Webster’s final rule follows from the previous themes. Controversy is ruled by Scripture. He challenges the church of today: “Once confidence in the power of Scripture to determine matters in the church is lost, the politics of the saints quickly slides into agonistic practices in which we expect no divine comfort or direction” (170).
One may see a similar principle in the Westminster Confession of Faith: “The supreme judge by which all controversies of religion are to be determined, and all decrees of councils, opinions of ancient writers, doctrines of men, and private spirits, are to be examined, and in whose sentence we are to rest, can be no other but the Holy Spirit speaking in the Scripture.”
The Scripture is God’s instrument of revelation and rule. Because God’s peace is the primary reality, it is only seen and actualized by attention to his Word. This attention is given by submission to Scripture. Controversy can only make God’s peace visible if it is focused on hearing and obeying Scripture.
The Scripture is what zeal loves. Zeal does not respond to offense, nor even to error considered in itself. Zeal responds only from love of Scripture, which grounds it. Zeal does not guard my own position or rightness. It guards obedience and submission to God’s Word. And so, when in controversy, zeal focuses on Scripture instead of on persons or secular philosophies.
Finally, Scripture is the source of the church’s life. The church does not precede Scripture but arises in response to Scripture. The church obeys and preaches the Scriptures, not judges them. While the church hears Scripture, Scripture stands in judgment over the church. If controversy is churchly, then it must be characterized by Scripture, for attention to Scripture defines the nature of church life.
God is the God of peace. Let us give attention to him and his work above our own, trusting him to resolve our controversies by listening to his Word alone in conducting them.
Albert D. Taglieri is a member of Reformed Presbyterian Church of San Antonio.
 John Webster, “Theology and the peace of the church” in The Domain of the Word, 150-170. Further citations from this essay use parenthetical page numbers.
 WCF 1.10
By Craig Thompson — 12 months ago
God waited to save you. He waited, like a parent who waits to give a birthday gift. He waited to cover you in grace, mercy, and love. He waited because he cared. He even waited through your sin and shame. He waited through your rebellion and anger. He didn’t punish you immediately. He didn’t strike you dead. He waited.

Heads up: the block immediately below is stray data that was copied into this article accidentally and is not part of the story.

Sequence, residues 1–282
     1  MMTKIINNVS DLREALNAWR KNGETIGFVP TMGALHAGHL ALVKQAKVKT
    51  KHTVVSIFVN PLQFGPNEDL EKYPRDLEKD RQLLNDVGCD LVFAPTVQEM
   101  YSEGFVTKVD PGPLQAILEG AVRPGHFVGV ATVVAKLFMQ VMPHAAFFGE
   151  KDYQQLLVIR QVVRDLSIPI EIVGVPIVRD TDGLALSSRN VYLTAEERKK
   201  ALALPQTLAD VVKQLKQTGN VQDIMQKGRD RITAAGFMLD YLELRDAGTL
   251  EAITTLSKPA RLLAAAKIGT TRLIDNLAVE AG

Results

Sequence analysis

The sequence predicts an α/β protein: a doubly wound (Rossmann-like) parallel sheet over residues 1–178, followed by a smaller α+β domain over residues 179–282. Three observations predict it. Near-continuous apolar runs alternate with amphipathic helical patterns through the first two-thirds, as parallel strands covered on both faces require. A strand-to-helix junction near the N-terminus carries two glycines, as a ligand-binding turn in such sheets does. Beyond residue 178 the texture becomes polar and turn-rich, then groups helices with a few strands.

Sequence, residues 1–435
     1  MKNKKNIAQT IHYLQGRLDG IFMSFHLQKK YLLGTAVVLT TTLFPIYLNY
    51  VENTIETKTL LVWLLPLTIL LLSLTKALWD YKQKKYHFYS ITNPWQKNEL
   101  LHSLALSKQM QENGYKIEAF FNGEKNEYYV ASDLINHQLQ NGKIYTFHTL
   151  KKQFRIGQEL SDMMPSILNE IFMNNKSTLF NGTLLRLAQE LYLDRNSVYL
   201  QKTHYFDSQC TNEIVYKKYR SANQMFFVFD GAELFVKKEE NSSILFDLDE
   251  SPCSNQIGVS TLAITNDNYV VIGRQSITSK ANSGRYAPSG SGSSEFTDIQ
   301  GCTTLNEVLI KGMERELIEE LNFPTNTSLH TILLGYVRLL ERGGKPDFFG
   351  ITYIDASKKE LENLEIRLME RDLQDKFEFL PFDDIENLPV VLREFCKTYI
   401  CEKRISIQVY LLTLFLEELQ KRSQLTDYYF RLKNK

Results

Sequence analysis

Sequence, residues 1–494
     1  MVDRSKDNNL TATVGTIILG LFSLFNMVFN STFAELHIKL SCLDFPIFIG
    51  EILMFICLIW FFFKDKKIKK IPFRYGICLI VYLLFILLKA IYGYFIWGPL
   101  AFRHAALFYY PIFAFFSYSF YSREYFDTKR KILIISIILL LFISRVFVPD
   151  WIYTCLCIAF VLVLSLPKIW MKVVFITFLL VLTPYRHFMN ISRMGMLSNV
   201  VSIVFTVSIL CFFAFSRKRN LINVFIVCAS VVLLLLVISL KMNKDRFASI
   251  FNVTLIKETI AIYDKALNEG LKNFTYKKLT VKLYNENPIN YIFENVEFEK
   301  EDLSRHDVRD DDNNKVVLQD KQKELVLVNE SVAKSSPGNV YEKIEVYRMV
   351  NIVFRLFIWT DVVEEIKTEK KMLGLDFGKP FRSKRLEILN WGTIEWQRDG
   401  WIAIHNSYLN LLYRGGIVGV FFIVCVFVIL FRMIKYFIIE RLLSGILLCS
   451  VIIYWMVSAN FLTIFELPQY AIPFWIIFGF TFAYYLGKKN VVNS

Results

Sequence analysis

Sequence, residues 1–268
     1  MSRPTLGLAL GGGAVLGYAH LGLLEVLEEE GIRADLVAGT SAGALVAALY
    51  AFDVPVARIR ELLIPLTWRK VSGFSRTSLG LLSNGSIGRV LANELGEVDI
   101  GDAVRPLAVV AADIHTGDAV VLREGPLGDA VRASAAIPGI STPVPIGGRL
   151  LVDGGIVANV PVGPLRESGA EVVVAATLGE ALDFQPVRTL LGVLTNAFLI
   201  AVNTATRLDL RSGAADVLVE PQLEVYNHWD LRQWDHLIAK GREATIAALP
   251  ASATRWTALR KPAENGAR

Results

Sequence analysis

Are you a gracious person? When you show grace to others, do you do it with joy or do you perhaps show grace begrudgingly? Truthfully, when we show grace, we often have a predetermined limit to our grace. And, even if the limit isn’t predetermined, you will know it when you reach the limit But, regardless of how gracious you are or are not, very few of us would say that we wait to show grace–that showing grace to others is something we look forward to doing. And yet, that is precisely how Isaiah describes the Lord:
Therefore the Lord waits to be gracious to you. Isaiah 30:18
God isn’t gracious to us out of requirement. He doesn’t show us grace to satisfy someone else or out of a sense of responsibility. God waits to be gracious. He wants to be gracious. He finds pleasure in extending grace toward us.
I don’t often appreciate this aspect of God’s character the way I should. It rarely occurs to me that I am undeserving of God’s love, but he desires to be gracious to me anyway–to overlook my sins and my shortcomings–and to welcome me in.
God lavishes his grace upon us. In Romans 5:20, Paul writes, where sin increased, grace abounded all the more. Should we continue in sin? By no means, but know this, wherever there is great sin, God’s grace is greater.